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Using HoughLinesP to straighten skewed receipt scans

asked 2016-02-12 17:01:46 -0500

roqvist gravatar image

I am trying to use HoughLinesP with Python to identify lines from text to eventually straighten up a bunch of images. The images are scanned receipts, fairly high DPI, so I scale them down and pre-process them with noise removal and threshold so they look like this:

image description

I was hoping the majority of the lines found by HoughLines would align with the text flow direction (the text's horizontal axis). I played around with the different parameters of the HoughLinesP method in Python but cannot find a good way to accurately do this. For some reason most of the lines that are found are along the texts' vertical axis instead, which to me seems odd since the lines are definitely longer and more precise along the texts' horizontal axis. Here is an example (HoughLines drawn in thin grey lines) with the following input values:

minLineLength = 45 (one sixth of image width)
maxLineGap = 5
pixelRes = 1
rotationRes = pi/180
threshold = 200

image description

Typically the receipts are off by +/- 10-45 degrees or so, so the text flow is almost always closer to horizontal than vertical. Not sure what I'm missing here, is there any way to tweak the HoughLinesP method to better identify the general flow of the text in this type of image?

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Can you post original RGB image, may be you could directly find the rectangle and can align easily.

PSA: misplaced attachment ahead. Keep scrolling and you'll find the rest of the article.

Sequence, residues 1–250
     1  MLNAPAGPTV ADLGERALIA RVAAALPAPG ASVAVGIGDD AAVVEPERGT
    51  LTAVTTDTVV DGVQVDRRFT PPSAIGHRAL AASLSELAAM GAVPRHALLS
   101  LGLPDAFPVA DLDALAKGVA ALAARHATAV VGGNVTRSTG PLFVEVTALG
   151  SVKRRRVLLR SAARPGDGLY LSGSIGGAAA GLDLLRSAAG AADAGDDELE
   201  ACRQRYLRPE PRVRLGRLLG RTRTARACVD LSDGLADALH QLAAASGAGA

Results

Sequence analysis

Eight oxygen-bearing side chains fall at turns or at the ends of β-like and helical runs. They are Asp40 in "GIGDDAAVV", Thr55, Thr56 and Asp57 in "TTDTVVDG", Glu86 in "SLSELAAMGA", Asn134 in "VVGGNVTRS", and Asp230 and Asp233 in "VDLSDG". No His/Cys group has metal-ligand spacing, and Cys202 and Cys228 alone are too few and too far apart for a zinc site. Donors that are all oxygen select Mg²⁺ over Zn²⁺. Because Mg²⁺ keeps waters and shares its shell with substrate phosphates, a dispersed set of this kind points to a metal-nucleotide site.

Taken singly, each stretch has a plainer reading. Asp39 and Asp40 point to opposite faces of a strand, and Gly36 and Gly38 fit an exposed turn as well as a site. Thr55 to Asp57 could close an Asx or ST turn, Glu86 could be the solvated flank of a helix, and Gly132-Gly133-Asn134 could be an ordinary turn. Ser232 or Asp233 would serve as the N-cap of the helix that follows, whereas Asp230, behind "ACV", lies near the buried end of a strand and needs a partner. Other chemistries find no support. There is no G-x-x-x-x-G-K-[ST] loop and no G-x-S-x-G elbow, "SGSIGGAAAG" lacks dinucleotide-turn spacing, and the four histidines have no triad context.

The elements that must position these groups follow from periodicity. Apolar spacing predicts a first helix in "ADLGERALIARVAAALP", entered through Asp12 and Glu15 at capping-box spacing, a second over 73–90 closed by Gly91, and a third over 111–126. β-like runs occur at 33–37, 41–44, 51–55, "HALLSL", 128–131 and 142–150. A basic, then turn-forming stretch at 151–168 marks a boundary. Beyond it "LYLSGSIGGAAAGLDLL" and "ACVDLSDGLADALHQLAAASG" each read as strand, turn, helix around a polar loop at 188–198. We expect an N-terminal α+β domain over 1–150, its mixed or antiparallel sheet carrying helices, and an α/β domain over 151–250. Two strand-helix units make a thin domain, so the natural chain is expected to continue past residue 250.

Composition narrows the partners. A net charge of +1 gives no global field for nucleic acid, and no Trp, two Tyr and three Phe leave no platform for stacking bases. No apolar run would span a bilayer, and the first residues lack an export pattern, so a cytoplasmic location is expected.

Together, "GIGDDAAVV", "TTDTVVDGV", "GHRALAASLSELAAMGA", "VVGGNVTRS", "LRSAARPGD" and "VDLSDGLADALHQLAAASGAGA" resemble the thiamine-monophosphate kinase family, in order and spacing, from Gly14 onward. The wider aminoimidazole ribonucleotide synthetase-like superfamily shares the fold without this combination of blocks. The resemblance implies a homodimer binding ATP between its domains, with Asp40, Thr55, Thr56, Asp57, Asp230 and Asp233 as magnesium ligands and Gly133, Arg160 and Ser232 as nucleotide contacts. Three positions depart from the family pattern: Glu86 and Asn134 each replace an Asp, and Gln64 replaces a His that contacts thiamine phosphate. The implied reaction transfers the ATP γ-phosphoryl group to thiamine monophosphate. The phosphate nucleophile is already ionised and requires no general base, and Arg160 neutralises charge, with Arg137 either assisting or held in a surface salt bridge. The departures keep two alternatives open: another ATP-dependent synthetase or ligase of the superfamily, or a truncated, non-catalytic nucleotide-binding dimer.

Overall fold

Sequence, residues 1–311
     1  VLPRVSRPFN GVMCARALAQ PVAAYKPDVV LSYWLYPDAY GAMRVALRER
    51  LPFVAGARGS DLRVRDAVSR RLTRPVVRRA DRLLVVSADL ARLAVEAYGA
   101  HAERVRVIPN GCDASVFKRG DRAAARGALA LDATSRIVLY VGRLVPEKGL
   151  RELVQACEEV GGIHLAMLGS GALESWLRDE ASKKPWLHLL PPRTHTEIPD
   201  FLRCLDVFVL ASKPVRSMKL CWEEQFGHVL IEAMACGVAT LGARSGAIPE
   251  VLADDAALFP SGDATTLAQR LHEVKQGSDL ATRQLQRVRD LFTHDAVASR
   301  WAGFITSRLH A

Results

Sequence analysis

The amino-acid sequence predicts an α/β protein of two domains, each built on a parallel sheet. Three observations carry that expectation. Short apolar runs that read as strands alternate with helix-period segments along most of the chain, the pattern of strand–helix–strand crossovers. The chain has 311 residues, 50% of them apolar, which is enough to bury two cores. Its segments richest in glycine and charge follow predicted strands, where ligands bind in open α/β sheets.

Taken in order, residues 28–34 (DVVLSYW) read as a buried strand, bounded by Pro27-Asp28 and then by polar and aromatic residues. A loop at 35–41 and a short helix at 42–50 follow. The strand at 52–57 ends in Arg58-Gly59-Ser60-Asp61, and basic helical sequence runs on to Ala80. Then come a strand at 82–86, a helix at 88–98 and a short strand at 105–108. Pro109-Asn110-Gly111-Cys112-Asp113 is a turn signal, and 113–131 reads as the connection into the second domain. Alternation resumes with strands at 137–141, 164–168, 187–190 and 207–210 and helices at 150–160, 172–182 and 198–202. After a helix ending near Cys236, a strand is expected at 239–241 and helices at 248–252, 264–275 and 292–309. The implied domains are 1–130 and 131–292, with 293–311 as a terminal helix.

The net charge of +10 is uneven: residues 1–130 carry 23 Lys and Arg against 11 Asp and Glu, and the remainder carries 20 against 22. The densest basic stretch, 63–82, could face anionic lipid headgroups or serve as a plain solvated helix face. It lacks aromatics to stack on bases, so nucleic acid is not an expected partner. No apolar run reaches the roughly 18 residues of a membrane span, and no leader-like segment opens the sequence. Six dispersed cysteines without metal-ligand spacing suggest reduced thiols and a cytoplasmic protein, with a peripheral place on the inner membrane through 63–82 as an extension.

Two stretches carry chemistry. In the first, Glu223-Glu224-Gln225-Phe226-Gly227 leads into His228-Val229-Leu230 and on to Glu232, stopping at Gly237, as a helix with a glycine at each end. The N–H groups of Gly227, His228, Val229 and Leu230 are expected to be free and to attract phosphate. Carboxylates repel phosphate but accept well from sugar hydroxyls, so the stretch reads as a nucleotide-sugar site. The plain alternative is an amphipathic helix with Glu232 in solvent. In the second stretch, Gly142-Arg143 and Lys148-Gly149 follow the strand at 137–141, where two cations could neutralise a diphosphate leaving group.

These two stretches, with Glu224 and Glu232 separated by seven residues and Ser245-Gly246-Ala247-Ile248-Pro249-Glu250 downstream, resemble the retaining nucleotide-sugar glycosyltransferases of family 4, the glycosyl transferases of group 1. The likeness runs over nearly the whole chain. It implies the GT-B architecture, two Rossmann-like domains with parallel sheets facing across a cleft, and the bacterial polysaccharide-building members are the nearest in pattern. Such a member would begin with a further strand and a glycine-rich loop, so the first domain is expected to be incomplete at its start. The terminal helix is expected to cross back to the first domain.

bvbdort gravatar imagebvbdort ( 2017-07-26 06:23:09 -0500 )edit

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answered 2017-07-26 05:00:37 -0500

Raki gravatar image

I would not use Hough Lines for this purpose. But rather would follow of these two strategies:

Strategy 1:

  1. Blur your image a lot, so that you lose those black spaces between letters.
  2. Once your letters become "white united pixels", go for contour detection and capture them in a bounding box.
  3. Once you have your blob in a box, you can then play with it as much as you want. This may guide you through.

Strategy 2:

  1. Use a feature detector, which may work with this, like in the given example.
  2. Once you detect the bill and put a bounding box around it, again, it is a matter of geometry to figure out how much it is tilted.
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Asked: 2016-02-12 17:01:46 -0500

Seen: 2,954 times

Last updated: Jul 26 '17